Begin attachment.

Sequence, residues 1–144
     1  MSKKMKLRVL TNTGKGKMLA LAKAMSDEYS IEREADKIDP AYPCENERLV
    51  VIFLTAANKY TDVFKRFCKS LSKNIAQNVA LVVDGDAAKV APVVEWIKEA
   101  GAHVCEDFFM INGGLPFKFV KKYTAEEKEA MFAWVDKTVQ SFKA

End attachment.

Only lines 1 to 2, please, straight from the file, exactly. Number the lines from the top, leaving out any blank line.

Sequence, residues 1–144
     1  MSKKMKLRVL TNTGKGKMLA LAKAMSDEYS IEREADKIDP AYPCENERLV